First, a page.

Alaskan mountain peaks favor those heliboarding enthusiasts, who prefer precision and clarity. In opposition to Kamchatka operators, in the coldest state of the USA precision prevails and flight schedules are strictly observed. The last word, however, belongs to Mama Nature. During the heliboarding season - March and April - temperatures rarely fall bellow -30ºC, usually staying around 5 to 10 degrees above zero.
Such a trip to another side of the world strips off some 4000 USD from your bank account. Yet, travel agencies' offer even more expensive packages - up to 7000 USD. Respectively, it is advisable to make ones own arrangements - to reserve hotels and book flights. There are at least three tour operators, covering Alaska, one of them being Alaska Backcountry Adventures.
At the end of the route Amsterdam - Chicago - Anchorage (another starting-point is Warsaw) heliboarding enthusiasts awaits a pick up service with big GMC Yukon jeeps. Such a vehicle can fit six people and all the gear too. Five hours through the snowy landscape and Valdez, with population of slightly over 4 thousand, unfolds before travelers eyes. Except a plenty of McDonald's style eating places, practically no other tourist attractions are available there. Even a 3 star place like Aspen Hotel Valdez does not spare donuts with castor sugar, muffins and buns in their menu. (although breakfast is very good there). A selective approach to a typically American food might spare you from gaining additional kilograms in just few days. There are, however, healthy food restaurants in Valdez too, with a dinner for one costing about 15 - 20 USD.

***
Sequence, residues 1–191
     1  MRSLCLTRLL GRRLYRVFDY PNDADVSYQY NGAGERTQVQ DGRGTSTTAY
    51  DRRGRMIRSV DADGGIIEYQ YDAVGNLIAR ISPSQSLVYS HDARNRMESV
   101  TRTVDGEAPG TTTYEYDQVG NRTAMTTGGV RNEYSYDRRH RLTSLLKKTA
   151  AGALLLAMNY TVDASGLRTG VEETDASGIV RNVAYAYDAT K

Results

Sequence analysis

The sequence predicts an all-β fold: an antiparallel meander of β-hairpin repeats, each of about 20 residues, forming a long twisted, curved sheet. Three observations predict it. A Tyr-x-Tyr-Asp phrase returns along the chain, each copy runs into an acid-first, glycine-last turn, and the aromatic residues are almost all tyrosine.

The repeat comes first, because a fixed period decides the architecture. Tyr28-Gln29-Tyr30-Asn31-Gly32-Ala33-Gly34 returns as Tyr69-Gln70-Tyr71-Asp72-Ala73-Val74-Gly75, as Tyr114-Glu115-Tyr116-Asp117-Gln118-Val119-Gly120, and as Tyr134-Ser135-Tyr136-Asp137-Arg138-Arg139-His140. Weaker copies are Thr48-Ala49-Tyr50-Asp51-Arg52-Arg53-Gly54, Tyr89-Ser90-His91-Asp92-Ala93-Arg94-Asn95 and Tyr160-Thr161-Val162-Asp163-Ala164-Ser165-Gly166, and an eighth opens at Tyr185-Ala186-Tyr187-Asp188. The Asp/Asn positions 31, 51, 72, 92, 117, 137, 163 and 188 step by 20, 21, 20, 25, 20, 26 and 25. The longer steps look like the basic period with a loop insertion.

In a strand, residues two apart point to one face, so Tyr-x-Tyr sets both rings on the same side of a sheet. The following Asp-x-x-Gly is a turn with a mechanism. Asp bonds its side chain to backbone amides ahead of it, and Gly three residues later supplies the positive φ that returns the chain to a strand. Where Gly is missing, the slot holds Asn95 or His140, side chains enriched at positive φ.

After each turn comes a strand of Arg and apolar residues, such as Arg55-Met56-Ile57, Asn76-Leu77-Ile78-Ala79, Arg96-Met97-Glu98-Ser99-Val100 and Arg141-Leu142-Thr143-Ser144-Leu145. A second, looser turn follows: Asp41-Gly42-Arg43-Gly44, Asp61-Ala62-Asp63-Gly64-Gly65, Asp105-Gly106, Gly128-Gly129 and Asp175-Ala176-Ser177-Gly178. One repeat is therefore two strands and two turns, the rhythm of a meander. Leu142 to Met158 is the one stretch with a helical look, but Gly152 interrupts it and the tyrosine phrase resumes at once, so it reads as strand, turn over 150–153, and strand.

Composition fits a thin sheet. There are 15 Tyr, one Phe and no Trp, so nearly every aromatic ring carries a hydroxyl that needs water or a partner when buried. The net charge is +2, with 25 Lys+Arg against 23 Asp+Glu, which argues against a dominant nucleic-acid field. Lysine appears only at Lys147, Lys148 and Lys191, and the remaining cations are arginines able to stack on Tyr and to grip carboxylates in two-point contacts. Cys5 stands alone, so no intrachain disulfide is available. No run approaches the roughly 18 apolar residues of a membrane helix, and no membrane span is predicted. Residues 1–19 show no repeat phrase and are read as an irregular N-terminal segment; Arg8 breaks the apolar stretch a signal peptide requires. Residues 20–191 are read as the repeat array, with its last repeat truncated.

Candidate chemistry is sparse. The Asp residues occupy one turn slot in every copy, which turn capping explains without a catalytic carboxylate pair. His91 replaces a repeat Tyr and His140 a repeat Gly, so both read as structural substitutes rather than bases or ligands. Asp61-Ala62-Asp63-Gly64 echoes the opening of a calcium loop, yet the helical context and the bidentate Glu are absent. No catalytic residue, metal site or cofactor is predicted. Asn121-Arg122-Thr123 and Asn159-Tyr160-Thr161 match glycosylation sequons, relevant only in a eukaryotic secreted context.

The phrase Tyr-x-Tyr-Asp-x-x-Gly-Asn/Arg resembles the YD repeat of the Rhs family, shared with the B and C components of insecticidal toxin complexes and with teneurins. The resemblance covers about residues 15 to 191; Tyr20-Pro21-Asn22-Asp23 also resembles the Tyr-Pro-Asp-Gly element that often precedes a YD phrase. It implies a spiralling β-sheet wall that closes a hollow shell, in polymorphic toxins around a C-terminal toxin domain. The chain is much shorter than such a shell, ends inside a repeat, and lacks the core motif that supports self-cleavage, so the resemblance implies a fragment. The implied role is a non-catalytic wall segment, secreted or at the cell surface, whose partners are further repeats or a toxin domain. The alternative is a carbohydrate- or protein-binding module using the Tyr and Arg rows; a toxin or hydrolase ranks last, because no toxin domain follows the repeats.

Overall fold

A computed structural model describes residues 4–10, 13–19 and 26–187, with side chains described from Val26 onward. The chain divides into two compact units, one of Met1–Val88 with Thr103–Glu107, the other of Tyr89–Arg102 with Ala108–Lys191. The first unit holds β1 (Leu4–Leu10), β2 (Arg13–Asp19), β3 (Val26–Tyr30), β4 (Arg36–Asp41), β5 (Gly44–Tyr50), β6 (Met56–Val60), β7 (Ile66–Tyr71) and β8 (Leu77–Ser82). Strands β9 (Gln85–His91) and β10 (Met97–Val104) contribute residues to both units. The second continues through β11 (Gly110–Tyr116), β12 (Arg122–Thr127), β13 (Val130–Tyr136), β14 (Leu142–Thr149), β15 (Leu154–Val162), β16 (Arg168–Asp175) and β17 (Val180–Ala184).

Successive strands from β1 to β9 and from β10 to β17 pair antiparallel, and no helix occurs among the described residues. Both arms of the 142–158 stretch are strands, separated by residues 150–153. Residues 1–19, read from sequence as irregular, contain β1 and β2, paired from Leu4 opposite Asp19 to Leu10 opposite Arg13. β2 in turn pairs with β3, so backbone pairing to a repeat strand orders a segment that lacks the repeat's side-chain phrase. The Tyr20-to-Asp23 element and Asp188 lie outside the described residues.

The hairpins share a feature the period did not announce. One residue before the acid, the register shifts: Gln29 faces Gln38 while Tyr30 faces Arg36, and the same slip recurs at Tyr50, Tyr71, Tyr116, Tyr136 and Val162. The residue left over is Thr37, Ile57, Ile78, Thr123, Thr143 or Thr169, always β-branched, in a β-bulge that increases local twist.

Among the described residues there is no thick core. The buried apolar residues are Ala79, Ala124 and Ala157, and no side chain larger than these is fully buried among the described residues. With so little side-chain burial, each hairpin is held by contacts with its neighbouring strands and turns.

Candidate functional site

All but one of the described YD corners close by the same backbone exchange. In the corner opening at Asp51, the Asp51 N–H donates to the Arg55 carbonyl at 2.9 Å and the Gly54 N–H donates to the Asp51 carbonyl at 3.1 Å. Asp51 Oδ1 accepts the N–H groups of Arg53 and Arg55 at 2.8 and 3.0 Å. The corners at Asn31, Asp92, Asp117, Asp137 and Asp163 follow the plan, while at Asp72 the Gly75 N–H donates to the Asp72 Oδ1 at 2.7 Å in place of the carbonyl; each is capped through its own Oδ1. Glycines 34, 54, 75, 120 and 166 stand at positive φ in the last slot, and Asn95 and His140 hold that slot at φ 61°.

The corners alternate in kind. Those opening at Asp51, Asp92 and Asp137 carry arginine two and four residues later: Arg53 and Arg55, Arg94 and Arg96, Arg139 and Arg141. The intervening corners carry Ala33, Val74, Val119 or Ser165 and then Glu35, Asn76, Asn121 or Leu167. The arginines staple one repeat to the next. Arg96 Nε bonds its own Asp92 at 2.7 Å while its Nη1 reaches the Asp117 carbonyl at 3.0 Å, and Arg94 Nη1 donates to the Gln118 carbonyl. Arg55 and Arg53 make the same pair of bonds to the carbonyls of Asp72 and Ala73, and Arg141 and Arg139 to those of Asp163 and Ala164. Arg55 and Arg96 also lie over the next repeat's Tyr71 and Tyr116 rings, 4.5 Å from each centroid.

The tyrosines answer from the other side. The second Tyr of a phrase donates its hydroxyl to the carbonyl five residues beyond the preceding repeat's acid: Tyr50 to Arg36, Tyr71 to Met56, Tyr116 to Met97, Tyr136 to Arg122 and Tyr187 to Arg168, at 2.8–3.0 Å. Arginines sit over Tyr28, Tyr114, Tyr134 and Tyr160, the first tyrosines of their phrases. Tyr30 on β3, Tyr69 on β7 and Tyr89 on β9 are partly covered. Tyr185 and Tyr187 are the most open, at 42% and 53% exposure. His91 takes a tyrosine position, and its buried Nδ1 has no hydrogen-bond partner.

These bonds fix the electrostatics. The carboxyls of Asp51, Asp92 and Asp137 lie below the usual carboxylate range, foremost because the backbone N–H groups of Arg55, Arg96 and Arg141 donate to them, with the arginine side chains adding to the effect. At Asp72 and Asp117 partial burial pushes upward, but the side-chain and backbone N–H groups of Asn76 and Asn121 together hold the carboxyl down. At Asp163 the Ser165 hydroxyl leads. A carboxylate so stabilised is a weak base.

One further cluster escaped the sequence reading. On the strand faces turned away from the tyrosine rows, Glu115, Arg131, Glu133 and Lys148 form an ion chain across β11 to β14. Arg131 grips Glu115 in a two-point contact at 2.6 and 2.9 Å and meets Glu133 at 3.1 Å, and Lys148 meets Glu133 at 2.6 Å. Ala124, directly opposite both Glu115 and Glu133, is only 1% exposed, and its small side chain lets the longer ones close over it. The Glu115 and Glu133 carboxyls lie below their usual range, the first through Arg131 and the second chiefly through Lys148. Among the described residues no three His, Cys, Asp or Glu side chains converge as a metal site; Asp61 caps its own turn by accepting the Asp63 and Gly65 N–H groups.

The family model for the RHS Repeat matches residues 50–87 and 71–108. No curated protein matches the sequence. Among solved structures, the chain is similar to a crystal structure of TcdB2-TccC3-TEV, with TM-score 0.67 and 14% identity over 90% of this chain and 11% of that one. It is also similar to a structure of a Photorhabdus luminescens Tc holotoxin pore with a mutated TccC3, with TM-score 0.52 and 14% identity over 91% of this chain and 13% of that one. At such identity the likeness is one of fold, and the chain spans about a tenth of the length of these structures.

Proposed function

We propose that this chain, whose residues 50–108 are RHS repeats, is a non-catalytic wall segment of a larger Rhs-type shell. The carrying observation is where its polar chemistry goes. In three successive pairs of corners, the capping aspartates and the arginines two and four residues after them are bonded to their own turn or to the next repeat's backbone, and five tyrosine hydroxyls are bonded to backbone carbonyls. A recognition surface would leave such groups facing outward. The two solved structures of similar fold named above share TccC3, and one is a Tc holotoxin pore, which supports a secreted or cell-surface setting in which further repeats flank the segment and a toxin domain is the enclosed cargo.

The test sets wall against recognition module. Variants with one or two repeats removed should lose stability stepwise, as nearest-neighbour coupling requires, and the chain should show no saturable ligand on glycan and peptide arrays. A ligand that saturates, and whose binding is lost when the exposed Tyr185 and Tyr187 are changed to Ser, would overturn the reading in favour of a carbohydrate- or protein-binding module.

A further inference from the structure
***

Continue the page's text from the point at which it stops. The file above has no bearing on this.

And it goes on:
Aspen Hotel Valdez
Address: 100 Meals Avenue, Valdez, AK 99686
In Alaska, unlike in Kamchatka, you will not find hundreds of volcanoes and choice of suitable slopes is limited too. On the other hand, the security of powder-snow lovers here is the first priority. Two hours of instruction is serious business indeed. Acquiring usage of an avalanche beacon - a most trustworthy companion for such a trip - involves practical drills as well, and finding of a little beeping thing in the snow is just a part of it. Using special probes, one has to safety check the snow in a particular place and dig out a beacon (representing a missing person in this case).
Helicopters are just about 30 meters from a container type hangar, serving at the same time as an instruction and a waiting room. A helicopter, apart from an instructor and a pilot, can take aboard 3 to 5 people, attending several groups simultaneously. Due to the tight schedule people should be grouped according to their proficiency, avoiding delays caused by less experienced heliboarders. They, who have successfully reached the bottom, sometimes have to wait for about 20 - 30 minutes to be taken to the next peak again.
A following day's schedule is hard to foresee - a fog and clouds may clear only in the afternoon and everybody must be ready for the flight then. Moreover, hanging around and hoping for weather improvement may take from a couple of hours up to several days.
There exists a common misconception about reckless jumping out of a helicopter from several meters height. Actually, a helicopter hangs in the air, just touching the snowy surface with its front wheel. Each group is led by an instructor or so called lavinschik - a professional, who evaluates the quality of powdery snow, eventual avalanche threat and determines, is it safe to proceed or not. Then - keeping a distance of 200 to 400 meters - soft snow of the slope can try out all the others. A leader of the group always goes last. A communication among group members is provided via individual portable radios.
For safety reasons, Alaskan operators try to limit the length of descends and on very rare occasions a group gets the green light from their instructor to leave him behind or to take a sharper turn. Unforeseen circumstances, like frozen snow crust (10-15 cm thick), suddenly cracking in the length of several meters, can turn out to be quite dangerous. A careless maneuver can end up with a painful crash against the sharp ice or ploughing snow with ones nose. Instructors in Kamchatka just shake their heads for unauthorized speeding down the slopes, while in Alaska such behavior can put an end to your heliboarding adventure. It takes much imploring before a daredevil is allowed to proceed.